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Authors: Donggen Xu and Huiyuan Shi

Arbitration is universally used in the settlement of international commercial disputes largely due to its inherent confidentiality. However, the expedient element of the confidentiality is encountering challenges mostly owing to public interest or other reasons. This article not only discusses the grounds of confidentiality in arbitration, but also the effective way of its helping those people who wish to respect the confidentiality in international commercial arbitration.

In: Frontiers of Law in China
Author: Teppei Ono

told her to delete the photos. As she refused to delete them, the prison staff made her leave the room and stopped the meeting. This incident actually occurred in 2012. Ms Takeuchi brought a case in court for infringement of the right to confidential communication. 1 In spite of the common

In: Asia-Pacific Journal on Human Rights and the Law
Author: Aisling de Paor

, presenting a range of opportunities and challenges. Developments in science and new technologies are pushing the boundaries of existing medical principles and practices, for example, the principle of informed consent and the doctrine of confidentiality. The duty of confidentiality provides that medical

In: European Journal of Health Law
This book focuses the collective attention of psychotherapists, the legal community, social scientists, and ethicists on the moral, legal, and clinical problems of confidentiality in psychotherapeutic practice. By providing timely and important interdisciplinary contributions, the book opens the way to understanding, if not resolving, the conflicting interests and values at stake in the debate on confidentiality.
India Office Political and Secret Files and Confidential print
The files detail British colonial administration and intelligence gathering. They comprise a wide variety of papers received from the Government of India Foreign Department and other sources in India, and from the Foreign Office in London, together with India Office-generated minuting, comment and replies.

Strict rules of custody meant that the printed matter, held and consulted at other locations that the India Office, periodically had to be destroyed. The full runs of such print at the OIOC/Asia, Pacific and Africa Collections of the British Library constitute a range of documentation that is not equaled anywhere else.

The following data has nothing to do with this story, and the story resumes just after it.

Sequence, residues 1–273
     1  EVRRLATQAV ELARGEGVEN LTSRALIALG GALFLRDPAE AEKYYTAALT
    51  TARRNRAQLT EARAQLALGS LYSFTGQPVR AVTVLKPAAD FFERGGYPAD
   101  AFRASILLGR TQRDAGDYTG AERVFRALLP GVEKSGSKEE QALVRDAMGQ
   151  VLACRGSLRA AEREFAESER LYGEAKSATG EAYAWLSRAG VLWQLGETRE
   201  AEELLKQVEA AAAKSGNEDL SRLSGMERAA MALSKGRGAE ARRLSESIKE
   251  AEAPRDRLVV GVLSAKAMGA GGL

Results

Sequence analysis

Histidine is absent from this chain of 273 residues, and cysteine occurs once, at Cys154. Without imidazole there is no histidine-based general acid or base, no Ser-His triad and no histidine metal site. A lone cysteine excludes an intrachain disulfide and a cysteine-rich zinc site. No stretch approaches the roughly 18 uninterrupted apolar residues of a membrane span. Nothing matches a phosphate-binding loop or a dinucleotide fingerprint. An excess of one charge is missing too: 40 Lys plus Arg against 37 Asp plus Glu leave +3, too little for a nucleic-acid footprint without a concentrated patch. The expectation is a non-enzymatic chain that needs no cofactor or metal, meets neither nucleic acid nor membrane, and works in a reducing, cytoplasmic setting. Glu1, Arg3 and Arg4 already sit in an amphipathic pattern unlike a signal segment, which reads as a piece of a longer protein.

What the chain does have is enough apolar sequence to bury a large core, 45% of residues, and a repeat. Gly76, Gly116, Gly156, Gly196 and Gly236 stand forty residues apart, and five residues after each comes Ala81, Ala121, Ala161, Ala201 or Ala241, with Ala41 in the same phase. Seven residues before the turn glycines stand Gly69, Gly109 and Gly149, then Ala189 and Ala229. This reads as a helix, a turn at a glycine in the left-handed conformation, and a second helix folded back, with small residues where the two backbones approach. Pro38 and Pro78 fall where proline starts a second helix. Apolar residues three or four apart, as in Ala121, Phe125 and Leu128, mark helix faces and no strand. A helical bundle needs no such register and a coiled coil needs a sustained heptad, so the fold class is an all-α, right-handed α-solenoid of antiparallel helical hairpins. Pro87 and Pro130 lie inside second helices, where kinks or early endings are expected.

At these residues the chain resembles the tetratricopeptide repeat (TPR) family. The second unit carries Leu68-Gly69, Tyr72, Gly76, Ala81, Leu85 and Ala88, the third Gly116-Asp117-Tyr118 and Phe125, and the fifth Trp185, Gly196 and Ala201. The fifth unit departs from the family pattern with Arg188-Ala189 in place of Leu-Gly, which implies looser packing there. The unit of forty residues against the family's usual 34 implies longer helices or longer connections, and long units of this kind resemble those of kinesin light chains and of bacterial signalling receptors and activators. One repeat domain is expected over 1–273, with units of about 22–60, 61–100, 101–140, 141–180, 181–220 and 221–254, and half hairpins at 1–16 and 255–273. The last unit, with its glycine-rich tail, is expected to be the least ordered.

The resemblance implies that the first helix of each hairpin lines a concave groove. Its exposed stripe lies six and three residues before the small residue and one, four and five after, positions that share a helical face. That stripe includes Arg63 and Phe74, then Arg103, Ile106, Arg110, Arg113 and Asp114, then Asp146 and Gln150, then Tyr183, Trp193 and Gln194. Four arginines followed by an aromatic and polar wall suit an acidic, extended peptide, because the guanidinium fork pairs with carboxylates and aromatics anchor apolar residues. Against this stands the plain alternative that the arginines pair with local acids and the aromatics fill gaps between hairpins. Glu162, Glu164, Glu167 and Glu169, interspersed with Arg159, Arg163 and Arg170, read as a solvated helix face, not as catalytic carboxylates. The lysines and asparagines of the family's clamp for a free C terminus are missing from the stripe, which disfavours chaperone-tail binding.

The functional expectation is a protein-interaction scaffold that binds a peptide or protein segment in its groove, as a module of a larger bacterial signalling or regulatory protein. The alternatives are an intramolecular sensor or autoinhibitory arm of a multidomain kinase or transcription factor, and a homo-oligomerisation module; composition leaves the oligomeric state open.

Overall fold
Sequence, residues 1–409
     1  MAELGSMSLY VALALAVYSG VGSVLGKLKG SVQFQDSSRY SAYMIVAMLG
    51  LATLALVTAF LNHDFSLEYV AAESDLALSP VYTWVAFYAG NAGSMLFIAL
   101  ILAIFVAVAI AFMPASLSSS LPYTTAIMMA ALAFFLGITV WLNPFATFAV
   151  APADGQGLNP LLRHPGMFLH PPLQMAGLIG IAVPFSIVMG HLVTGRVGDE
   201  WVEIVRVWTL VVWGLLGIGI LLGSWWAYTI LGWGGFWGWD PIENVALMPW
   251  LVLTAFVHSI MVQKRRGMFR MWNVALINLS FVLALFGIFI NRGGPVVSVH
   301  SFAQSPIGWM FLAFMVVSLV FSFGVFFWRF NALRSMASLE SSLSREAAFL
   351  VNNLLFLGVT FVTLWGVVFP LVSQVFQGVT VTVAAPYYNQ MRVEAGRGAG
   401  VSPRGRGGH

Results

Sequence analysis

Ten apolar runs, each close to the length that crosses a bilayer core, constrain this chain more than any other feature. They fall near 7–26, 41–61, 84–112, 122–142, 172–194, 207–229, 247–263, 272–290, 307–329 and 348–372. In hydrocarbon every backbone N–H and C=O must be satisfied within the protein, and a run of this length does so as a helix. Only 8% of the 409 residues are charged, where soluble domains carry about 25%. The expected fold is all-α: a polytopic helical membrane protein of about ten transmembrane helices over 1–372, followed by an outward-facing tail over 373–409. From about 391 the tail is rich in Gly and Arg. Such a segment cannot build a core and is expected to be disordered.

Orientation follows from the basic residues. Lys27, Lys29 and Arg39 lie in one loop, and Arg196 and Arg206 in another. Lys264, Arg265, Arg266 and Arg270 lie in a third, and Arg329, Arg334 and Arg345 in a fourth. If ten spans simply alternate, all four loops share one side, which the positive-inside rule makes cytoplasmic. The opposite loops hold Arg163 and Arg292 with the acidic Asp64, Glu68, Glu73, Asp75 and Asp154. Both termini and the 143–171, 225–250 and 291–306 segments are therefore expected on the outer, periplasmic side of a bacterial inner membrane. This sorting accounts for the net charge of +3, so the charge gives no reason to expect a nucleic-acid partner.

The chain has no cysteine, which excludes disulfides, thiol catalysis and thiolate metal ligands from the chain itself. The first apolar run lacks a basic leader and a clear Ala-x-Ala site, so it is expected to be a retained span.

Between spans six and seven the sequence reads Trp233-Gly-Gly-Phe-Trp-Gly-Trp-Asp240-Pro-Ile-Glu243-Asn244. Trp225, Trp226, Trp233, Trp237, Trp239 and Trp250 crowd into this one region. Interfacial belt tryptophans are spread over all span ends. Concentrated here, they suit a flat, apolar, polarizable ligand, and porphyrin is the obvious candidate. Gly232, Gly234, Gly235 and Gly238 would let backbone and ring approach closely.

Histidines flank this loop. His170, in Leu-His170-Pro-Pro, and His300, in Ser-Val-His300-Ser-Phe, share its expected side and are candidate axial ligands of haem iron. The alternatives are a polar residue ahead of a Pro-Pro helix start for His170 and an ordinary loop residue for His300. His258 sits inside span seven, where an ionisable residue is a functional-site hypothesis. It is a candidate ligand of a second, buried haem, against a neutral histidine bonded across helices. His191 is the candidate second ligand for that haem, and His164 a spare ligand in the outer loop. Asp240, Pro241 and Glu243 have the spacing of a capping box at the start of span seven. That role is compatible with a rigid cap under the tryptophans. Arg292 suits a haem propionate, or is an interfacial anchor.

Close to all items in the series were classified secret, confidential, restricted or for official use only.

The main themes that the files and printed matter provide documentation for are:
• The processes by which British governmental, diplomatic, military and administrative channels collected and organized information that was deployed in strengthening its position in the competition for influence and power in Asia and the Middle East;
• The general anti-communist, anti-nationalist character of evolving British policies, and;
• The organization of the collecting and aggregating of information from (native) operatives 'on the ground' to the highest levels of policy-crafting. Close to all items in the series were classified secret, confidential, restricted or for official use only.

This collection consists of thirteen different collections that are also available separately.
Most of these collections are also available on microfilm. For pricing and order information, please contact

1 Introduction Medical confidentiality 1 is a timeless concept. From the Hippocratic Oath 2 in ancient times to the present day, the need for doctors to protect patient confidentiality has always been unequivocally expressed. The primary rationale for this obligation is health promotion. 3

In: European Journal of Comparative Law and Governance

All individuals and all patients have a right to privacy and may thus reasonably expect that confidentiality and protection of their personal information will be rigorously upheld by all healthcare professions. 2 1 Introduction Medical confidentiality 3 is a core-right of the patient; its

In: European Journal of Health Law
British Intelligence and Policy on Persia (Iran), c. 1900-1949
India Office Political and Secret Files and Confidential Print

The present edition brings together the product of all this activity – ranging through British reporting, planning and thinking on:
• the Persian revolution of 1905-09;
• the Anglo-Russian agreement of 1907 which divided the country into informal spheres of influence;
• First World War intervention;
• the Communist threat;
• the reign of Riza Shah;
• Second World War intervention;
• the countering of German influence;
• the succession of Muhammad Riza.

Dominant foreign partner
British involvement in Persia dated back to the East India Company's first trading contacts of the early seventeenth century. But by the late nineteenth century, when the country's economic life was largely in the hands of Russian and British concessionaires, it seemed as if Persia might even become a Russian protectorate. instead, the British, with their immensely valuable oil concessions in the south, emerged as the dominant foreign partner.

Information gathering
British India and London's strategic planning and policy formulation required information – intelligence on internal politics, tribal groupings, rivalries, personalities, resources, communications and the terrain – to provide “background” for political relations and practical “know-how” for military operations and clandestine activities.
Information gathering devolved in the first instance upon British diplomatic representatives in Persia. There were four players on the British side – the Foreign Office and War Office in London, the Government of India Foreign Department, and the Indian Army General Staff. Personnel manning posts in Persia were drawn from the London-based Diplomatic and Consular Services and the British Army, or from the Indian Civil Service, the Indian Political Service and the Indian Army.

Embassies and Consulates(-General)
Reflecting the perceived importance of Russian designs and of British strategic interests, the country was exceptionally well covered. In addition to a permanent British legation at Tehran from the 1850s, there were Consuls-General at Bushire from 1878, Isfahan from 1891 and Meshed from 1889, and at varying dates Consuls in Ahwaz, Kerman, Kermanshah, Khorramshahr, Resht, Seistan and Shiraz.

Political intelligence